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Manhattan native sings at Carnegie Hall

By Megan Moser

Manhattan native Bridget Everett never expected to perform at Carnegie Hall.

In contrast to the classical acts that tend to grace the venerable Carnegie stage, Everett’s career had always veered toward the low-brow. Her long-running one-woman show at a downtown bar in the Big Apple has been described in the press as “ribald,” “raunchy” and “lewd.” She sashays around a stage, a voluptuous, plus-size figure with not much covering it.

“I think for the kind of performing I do, I just never thought I would be on the stage at Carnegie Hall,” Everett said. “It’s a little surreal.”

But her irreverent and unapologetic style of comedy is balanced by a serious set of pipes.

The New York Times, in a review published in March, called her voice “a towering, authoritative bluesy belt that means business and that can unexpectedly shade into a softer, semi-folk style.”

It’s that voice that earned her a place beside Patti LuPone, with whom she sang a duet of “Me and Bobby McGee” Thursday night.

LuPone, a Tony-award-winning singer and actress, took a liking to Everett when she saw her one-woman show. They hit it off, and LuPone suggestd they sing together sometime.

“I said, ‘Don’t say it if you don’t mean it,’” Everett said.

But LuPone did mean it, and she came on to sing David Bowie’s “Under Pressure” with Everett.

“It was just really exciting for me,” Everett said. “For me, she’s a really big deal — one of the biggest Broadway divas there are.”

And then LuPone asked Everett to join her for a number during her appearance at Carnegie Hall. It was a big career milestone even if the time on stage was relatively short.

“Patti’s like more of a Broadway person, but she has the heart of a rocker. She wanted to do something a little more outside of the box — or outside of what people consider her box,” Everett said, referring to Lupone’s invitation to Everett.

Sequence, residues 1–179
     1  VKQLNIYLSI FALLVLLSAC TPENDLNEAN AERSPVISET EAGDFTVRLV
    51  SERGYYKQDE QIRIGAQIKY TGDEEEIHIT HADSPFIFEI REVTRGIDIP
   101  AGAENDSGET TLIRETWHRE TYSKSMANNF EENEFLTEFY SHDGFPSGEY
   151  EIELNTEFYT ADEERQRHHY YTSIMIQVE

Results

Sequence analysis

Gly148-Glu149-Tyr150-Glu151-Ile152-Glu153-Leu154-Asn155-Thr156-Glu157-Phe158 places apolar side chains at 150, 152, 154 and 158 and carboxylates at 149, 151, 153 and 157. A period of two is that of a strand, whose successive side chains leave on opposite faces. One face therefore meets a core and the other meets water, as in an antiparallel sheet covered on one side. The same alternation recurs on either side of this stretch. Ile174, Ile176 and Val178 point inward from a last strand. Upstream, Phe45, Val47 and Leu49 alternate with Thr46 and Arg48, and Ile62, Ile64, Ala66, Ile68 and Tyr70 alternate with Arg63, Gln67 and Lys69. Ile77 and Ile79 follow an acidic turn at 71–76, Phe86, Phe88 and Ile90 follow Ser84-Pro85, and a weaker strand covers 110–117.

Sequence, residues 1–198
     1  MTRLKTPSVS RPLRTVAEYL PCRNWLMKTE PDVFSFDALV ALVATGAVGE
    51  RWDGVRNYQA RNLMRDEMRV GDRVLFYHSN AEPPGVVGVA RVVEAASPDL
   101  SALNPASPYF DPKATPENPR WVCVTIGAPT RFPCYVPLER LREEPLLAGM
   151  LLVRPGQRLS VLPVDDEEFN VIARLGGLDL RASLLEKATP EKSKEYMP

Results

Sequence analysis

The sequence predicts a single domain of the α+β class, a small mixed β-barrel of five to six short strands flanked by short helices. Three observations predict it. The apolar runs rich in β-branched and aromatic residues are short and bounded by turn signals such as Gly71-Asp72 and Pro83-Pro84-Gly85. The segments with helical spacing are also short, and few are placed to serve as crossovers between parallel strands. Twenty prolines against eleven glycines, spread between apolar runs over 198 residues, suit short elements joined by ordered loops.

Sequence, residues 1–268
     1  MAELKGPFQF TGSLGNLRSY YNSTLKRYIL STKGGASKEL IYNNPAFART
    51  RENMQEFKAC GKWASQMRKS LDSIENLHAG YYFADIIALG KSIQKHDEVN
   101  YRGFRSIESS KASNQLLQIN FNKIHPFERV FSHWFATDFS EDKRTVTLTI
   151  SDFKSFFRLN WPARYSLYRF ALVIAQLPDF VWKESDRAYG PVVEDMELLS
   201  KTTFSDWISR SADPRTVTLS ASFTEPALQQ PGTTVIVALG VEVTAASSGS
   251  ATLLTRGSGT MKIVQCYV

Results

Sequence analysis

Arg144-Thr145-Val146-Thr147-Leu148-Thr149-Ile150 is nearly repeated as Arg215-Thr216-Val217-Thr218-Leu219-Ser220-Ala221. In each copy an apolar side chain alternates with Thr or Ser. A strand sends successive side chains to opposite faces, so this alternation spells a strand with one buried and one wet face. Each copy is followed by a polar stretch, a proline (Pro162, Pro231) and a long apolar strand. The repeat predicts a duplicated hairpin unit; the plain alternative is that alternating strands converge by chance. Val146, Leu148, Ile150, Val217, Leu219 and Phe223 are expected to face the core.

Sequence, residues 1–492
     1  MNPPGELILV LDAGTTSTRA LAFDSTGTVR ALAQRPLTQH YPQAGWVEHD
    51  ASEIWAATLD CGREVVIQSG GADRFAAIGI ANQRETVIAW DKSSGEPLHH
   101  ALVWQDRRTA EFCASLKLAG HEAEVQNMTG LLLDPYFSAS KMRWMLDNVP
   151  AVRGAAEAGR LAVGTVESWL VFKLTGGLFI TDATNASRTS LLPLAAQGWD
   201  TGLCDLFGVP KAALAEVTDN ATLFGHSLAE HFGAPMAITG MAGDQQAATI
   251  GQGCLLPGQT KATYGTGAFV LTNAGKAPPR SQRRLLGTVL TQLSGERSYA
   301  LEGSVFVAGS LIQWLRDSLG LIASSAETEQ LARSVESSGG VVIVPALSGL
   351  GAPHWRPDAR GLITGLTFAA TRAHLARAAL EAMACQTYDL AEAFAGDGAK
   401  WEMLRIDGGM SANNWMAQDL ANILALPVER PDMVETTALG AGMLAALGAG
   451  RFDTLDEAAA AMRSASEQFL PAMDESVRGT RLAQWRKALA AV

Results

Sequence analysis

They performed Thursday in a show titled “Far Away Places” that is described as “a travelogue of styles and stories that traces the actress’s wanderlust.”

She said Lupone told her, “This is your moment. Just be Bridget. Do your thing, let loose.”

Everett grew up in Manhattan, and she said her mother, a music teacher, influenced her career the most.

“She just instilled a love of music, and I remember us always sitting around the piano singing, playing games,” she said. “Those are some of my happiest memories.”

Everett said her parents are also responsible for her sense of humor. And she said she always had a somewhat raunchy sense of humor.

“I always thought we had the normal house, but my friends always said they thought my house was fun and crazy,” she said.

Everett moved to New York City in 1997.

“I’ve been singing various incarnations of a solo show for probably the past 10 years,” she said. “I feel like I’m finally hitting my stride, getting a little more press. I have a pretty well-established folowing that comes to all my shows.”

She’s backed by a band called the Tender Moments that includes Adam Horovitz (aka Ad-Rock) of the Beastie Boys, on bass.

“I feel like I’ve been getting to do lots of different things,” she said. “In New York I have access to so many different kinds of people.”

Everett said she’s going on tour soon with comedian Amy Schumer. And Everett’s new album, Pound It, came out Oct. 1. She said it would be great for college keg parties.

“It definitely… uh… explores all sides of what it’s like to be a woman,” she said. “It has quite a few stories — mainly about my family but also growing up in Manhattan. I’m a purebred Little Apple-ite.”

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